A point d’appui

At very best, a wedding is a chance to remember all of the beautiful aspects of marriage and to be inspired to fully treasure and cultivate those things.  Last weekend, I attended the wedding of two friends from Divinity School, and it offered both of these opportunities.

Through witnessing the couple’s beliefs about and approach to marriage — as evidenced by their choice of readings, music, and rituals, as well as their self-written vows — I was reminded of a central conviction of mine: that marriage isn’t just the next step, and the act of being married isn’t an additional identity byline, or one of many hats to wear.  Being married is a petri dish for rebirth, self-discovery, courage-finding, and transformation.  It’s a point d’appui.

Technically a military term, and French for fulcrum, a point d’appui is the location where troops are assembled prior to a battle.  It’s where they rest, nourish, and educate themselves so that they are able to put their best feet forward when called to service.  In Walden, Henry David Thoreau uses the term to describe the firm, solid ground of reality, beneath the shifting and unstable “mud and slush of opinion, and prejudice, and tradition, and delusion, and appearance.” 

Ludwigsburg, Germany

A point d’appui is a safe space, a spot of restoration and comfort.  Something I’m most grateful for in my marriage is that I have a home anywhere Caleb is — a place to be authentic, to be completely honest, to say exactly what I need, to be silent, to laugh and to have fun.  Caleb affirms me, encourages me, and challenges me, and he gives me room to replenish and rejuvenate myself through time alone and with friends and other family members. 

But to what end does my marriage provide this joy and revitalization?  As much as a point d’appui is a resting place, it is also a starting place.  In Thoreau’s language, it isn’t a foundation where one settles permanently, but a firm ground from which one takes a deep breath and then pushes off, like the wall of the pool that a swimmer uses to propel herself forward with strength and speed.

Notre Dame

I like thinking about marriage as a point d’appui because it shows just how ripe with possibility the union can be.  It’s a reminder that marriage isn’t an end in itself, something that we act upon, but instead, a place where we can be acted upon — through the love, wisdom, perspective and gifts of our partner — and transformed into the best possible version of ourselves.  Or, in the words of my friend’s self-written vows, a place to “fuel each other for the work of loving the world.”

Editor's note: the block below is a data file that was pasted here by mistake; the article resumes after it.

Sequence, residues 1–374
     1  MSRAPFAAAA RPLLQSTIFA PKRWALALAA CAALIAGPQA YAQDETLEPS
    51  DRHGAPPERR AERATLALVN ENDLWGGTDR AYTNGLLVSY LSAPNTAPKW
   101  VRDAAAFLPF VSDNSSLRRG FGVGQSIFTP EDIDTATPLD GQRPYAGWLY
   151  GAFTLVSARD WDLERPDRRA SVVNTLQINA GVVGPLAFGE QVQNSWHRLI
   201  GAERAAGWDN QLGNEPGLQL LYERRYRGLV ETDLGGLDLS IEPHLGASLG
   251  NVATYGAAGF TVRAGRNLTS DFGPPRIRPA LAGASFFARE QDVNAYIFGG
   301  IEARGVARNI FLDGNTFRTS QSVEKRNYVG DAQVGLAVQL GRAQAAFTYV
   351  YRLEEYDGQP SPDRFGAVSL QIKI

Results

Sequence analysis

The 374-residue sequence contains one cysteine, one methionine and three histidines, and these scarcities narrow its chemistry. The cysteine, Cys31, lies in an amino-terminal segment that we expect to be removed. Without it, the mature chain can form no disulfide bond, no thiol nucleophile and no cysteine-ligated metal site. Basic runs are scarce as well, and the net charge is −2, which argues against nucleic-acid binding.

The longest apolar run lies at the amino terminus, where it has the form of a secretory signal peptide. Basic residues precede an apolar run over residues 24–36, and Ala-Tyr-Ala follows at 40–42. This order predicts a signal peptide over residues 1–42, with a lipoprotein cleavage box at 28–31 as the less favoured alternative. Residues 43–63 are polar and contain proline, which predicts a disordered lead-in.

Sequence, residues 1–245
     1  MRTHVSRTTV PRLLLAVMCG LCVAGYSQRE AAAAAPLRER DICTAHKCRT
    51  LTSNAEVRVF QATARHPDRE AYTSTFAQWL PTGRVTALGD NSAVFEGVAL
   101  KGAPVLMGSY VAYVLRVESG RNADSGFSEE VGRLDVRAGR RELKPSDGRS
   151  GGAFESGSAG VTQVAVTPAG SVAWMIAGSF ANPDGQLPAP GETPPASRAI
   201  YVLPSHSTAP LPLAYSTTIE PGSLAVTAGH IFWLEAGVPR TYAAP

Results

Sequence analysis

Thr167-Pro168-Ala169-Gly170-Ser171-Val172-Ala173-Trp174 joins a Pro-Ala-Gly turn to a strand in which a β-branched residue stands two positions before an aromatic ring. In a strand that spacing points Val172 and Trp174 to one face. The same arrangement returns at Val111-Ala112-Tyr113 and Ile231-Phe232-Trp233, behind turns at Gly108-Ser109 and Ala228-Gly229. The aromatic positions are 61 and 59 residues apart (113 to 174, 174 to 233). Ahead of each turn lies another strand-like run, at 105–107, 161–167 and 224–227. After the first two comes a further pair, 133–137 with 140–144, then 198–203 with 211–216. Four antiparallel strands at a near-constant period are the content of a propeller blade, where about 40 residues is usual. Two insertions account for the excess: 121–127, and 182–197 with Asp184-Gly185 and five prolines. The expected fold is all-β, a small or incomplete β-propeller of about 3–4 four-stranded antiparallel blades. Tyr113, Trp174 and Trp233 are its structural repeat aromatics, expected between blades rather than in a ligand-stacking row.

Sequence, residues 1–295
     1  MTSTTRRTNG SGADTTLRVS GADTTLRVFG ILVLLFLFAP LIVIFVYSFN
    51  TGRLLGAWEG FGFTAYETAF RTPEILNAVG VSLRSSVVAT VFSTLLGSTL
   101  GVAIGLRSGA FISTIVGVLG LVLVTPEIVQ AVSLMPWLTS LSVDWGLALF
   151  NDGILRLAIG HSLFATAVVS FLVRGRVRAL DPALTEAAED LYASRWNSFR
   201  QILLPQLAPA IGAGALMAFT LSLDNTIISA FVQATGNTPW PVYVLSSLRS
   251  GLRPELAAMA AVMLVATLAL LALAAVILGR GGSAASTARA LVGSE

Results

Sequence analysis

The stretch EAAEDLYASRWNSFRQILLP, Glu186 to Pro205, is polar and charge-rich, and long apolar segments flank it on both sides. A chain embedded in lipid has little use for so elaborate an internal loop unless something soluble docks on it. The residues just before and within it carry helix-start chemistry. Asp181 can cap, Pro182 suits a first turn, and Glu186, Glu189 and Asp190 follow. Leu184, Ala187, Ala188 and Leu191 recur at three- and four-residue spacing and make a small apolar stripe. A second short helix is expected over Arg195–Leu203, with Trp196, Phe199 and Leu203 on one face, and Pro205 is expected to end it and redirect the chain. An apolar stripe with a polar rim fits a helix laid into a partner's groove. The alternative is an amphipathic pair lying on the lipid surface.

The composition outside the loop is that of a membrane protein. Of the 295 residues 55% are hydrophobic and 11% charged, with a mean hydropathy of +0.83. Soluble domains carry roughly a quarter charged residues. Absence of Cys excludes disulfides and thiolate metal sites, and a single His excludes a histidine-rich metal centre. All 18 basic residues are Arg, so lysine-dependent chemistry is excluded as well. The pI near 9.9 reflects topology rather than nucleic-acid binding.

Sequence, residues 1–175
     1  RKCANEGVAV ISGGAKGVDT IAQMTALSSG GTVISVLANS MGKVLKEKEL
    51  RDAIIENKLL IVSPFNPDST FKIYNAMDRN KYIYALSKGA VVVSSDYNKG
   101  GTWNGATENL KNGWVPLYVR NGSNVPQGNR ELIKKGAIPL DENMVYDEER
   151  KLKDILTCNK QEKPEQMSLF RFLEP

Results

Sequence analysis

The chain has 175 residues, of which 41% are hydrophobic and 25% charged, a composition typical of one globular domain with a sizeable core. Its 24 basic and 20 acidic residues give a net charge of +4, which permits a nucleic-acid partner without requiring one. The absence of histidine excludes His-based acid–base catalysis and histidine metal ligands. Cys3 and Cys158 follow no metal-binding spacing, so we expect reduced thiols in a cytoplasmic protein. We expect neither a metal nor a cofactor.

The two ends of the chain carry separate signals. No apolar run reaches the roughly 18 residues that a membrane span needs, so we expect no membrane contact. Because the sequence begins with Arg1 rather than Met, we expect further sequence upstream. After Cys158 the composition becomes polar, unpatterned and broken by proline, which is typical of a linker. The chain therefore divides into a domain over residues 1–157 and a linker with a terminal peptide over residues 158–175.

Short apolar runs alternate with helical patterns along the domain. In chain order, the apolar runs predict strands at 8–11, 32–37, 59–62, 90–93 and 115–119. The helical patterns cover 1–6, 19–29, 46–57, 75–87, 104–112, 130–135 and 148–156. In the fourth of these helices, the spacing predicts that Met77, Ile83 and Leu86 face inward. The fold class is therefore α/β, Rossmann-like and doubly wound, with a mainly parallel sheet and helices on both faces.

In other words, marriage is a place of becoming, a place where we bring our already magnificent selves to be admired, appreciated and delighted in; held, protected and comforted; buffed, shaped and strengthened; inspired, changed and transformed into our best selves.

Claude Monet’s House, in Giverny

 

Putting Myself Out There

Busy StreetI’ve been on a Brene Brown kick recently, and I’m finding that her key themes of vulnerability, shame, wholehearted living, and surviving failure are really resonating with me.  Brown is my kind of author, and I am always going to love a book that integrates self-help, research, spirituality, storytelling and list-making, but during this year of moving, making friends, and new jobs, her work feels especially helpful.

“People who live wholeheartedly are people who are facing their lives and living their lives, putting themselves out there and in consequence knowing that they will get hurt.  They are living with gusto and intention and not taking a backseat in their life.”

This has been a year of putting myself out there, and, if I am being completely honest, I didn’t love it.  With each new class that I’ve taught, service trip that I have led and event that I have planned, I have had to wonder: how will this go?  Will the students respond well?  What if I get lost on my way to the site/event location?  I’ve had to meet a lot of new people, which is tiring for an introvert, and I’ve felt overwhelmed by anxiety, worry, and frustration at numerous points.  Read more

Places to play in…

Teresa Camping

“Everybody needs beauty as well as bread, places to play in and pray in, where nature may heal and give strength to body and soul.”    —John Muir

When we lived in Boston and had access to the most fabulous public transportation system (if my loyalties to the MBTA went unswayed in the midst of horrible delays and cancellations during last year’s treacherous winter, I think it is fair to count myself as one of this transit system’s greatest enthusiasts), C and I didn’t have a car.  I loved everything about not having a car — the financial savings, the absence of stress about traffic and parking, not having to worry about having a designated driver when we went out — and it was with a somewhat heavy heart that I realized we would need to buy a vehicle when we moved to Rhode Island.  Read more